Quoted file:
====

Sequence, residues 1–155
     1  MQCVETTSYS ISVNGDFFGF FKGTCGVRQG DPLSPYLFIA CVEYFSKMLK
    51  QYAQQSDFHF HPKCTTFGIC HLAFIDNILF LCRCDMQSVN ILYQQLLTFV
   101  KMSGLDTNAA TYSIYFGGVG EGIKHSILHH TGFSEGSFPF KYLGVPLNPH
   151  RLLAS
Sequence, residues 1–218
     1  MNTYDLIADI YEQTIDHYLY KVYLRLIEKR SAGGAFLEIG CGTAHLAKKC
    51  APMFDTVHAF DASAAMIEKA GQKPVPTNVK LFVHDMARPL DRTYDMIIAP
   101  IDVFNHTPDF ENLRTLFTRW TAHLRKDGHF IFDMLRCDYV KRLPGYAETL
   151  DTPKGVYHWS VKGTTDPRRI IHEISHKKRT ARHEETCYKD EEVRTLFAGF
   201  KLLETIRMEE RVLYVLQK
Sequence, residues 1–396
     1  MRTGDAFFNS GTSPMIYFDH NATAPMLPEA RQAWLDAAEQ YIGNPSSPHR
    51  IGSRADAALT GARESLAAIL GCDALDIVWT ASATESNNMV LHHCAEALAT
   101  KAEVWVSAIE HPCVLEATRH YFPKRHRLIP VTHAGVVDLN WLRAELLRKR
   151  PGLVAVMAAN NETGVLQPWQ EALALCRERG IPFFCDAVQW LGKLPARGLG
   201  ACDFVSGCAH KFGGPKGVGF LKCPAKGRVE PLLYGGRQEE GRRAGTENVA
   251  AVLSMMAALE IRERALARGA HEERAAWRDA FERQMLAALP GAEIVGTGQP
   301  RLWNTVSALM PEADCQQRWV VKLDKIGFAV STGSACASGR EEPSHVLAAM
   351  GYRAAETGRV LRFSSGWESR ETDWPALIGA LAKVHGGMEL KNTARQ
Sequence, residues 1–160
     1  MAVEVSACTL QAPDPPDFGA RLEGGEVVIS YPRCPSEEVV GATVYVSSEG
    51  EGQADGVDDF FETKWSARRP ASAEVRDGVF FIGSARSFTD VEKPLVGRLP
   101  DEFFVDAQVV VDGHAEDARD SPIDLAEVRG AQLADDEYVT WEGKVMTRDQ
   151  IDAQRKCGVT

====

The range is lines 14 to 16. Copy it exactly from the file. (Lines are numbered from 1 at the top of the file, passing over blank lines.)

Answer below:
    51  IGSRADAALT GARESLAAIL GCDALDIVWT ASATESNNMV LHHCAEALAT
   101  KAEVWVSAIE HPCVLEATRH YFPKRHRLIP VTHAGVVDLN WLRAELLRKR
   151  PGLVAVMAAN NETGVLQPWQ EALALCRERG IPFFCDAVQW LGKLPARGLG